It’s not your imagination—studies show that women who complain of memory problems really do perform more poorly on tests of attention, working memory, “encoding,” and verbal skills. These women also have more symptoms of depression, anxiety, and sleep disturbance. Women with lower levels of estrogen struggled especially with memory encoding, and these memory troubles probably have something to do with hormonal changes —the most abrupt of which happen in the months after a woman’s last period.
The good news is that these menopausal memory changes are only temporary. Women’s former memory levels usually return after the menopause transition is over. In the meantime, here are some suggestions for preventing and dealing with memory loss:
Use memory tools: Get help from calendars, to-do lists, and notes. Make remembering easy by returning wallets, purses, keys, and glasses to the same place each day.
Challenge that brain: Learn a new skill, a new language, or try a crossword puzzle or Sudoku. You can download a brainteaser app for brain-building on the go.
Get social: Spend time with friends and family whenever possible or volunteer in the community, a local school, or a retirement home. Social interaction has been shown to delay and prevent cognitive problems.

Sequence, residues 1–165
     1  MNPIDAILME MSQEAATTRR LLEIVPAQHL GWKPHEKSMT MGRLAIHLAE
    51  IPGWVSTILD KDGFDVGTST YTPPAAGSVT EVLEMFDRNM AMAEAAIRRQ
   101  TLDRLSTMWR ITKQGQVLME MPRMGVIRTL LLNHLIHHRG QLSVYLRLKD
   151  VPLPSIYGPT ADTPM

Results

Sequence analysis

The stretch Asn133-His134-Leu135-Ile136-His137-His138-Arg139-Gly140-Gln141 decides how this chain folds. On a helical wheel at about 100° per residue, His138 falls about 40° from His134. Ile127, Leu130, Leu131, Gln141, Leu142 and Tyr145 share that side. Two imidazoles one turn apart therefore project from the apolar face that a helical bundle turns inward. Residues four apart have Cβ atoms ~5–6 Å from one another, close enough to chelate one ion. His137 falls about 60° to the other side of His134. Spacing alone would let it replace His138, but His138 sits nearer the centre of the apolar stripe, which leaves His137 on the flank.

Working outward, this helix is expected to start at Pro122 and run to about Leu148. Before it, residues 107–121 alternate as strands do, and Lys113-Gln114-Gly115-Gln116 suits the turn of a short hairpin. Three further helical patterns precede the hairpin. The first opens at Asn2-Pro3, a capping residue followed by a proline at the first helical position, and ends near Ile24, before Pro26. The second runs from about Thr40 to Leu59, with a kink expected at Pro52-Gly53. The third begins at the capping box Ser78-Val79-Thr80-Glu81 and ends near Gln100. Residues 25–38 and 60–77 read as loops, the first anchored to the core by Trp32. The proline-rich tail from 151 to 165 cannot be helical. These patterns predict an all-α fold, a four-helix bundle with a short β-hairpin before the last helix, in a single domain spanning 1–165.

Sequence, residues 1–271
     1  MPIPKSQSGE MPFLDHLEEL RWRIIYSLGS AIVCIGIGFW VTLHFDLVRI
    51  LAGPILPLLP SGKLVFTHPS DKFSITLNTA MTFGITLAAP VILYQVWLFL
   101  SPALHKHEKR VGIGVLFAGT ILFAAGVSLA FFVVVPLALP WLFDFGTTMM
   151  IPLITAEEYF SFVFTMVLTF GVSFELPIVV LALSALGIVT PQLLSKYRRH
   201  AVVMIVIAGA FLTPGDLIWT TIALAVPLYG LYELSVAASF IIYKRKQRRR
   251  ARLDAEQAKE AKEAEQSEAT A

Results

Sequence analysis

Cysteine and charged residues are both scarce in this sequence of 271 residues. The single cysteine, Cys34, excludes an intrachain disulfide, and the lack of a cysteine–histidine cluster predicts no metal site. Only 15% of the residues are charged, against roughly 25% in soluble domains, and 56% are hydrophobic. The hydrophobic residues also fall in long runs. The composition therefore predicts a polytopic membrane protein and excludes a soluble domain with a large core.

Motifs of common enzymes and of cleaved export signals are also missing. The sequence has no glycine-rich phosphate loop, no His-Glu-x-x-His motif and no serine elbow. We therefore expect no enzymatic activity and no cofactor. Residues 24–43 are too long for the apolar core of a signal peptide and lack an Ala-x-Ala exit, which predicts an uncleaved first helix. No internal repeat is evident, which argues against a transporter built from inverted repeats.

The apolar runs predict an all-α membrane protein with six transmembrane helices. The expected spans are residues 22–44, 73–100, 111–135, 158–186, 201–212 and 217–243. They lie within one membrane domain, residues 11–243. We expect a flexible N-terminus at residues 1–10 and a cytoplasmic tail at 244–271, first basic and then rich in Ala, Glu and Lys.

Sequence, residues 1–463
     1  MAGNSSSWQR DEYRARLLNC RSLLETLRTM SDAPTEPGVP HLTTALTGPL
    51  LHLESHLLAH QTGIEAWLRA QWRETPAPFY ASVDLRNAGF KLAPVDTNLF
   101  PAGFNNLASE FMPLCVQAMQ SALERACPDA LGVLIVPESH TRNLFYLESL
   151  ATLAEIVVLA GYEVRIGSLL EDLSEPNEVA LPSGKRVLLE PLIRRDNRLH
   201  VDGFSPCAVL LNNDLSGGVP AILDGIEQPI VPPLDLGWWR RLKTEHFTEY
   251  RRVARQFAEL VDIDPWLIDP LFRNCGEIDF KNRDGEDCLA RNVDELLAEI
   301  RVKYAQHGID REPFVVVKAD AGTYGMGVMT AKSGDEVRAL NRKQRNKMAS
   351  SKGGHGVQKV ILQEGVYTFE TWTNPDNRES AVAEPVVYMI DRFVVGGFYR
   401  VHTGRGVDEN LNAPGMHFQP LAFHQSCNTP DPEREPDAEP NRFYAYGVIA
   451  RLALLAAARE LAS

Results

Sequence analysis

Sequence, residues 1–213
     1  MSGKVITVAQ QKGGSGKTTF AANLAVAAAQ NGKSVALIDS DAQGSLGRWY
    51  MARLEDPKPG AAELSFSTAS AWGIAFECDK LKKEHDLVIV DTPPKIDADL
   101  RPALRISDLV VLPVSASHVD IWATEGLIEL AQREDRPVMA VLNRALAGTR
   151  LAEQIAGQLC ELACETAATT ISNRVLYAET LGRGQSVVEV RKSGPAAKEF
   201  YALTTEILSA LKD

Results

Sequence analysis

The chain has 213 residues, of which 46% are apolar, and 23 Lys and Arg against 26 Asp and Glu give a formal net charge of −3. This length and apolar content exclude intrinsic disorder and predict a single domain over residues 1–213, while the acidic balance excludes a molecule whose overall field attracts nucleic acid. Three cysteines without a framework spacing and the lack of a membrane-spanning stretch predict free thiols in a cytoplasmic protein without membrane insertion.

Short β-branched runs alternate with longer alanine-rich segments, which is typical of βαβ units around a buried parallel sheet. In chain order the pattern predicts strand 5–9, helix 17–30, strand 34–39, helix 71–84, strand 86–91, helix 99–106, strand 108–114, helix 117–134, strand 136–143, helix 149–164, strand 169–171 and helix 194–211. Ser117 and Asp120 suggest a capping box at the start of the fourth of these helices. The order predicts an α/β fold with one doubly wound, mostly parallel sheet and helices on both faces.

Get off the couch: Exercise and physical activity will help the flow of oxygen and nutrients to the brain. A recent study found that people with higher fitness levels in middle age were less likely to develop dementia later in life.
Eat brain-nourishing foods: Foods high in omega-3 fatty acids, such as salmon, albacore tuna, walnuts, and flaxseeds, are good for your brain. One study showed that those who ate a Mediterranean diet (full of omega-3s) were 13% less likely to develop memory and thinking problems.
Get lots of rest: For adults, 6 to 9 hours of sleep per night are recommended. Good sleep is essential for learning and memory.
Photo courtesy of Shutterstock.com/Anson0618
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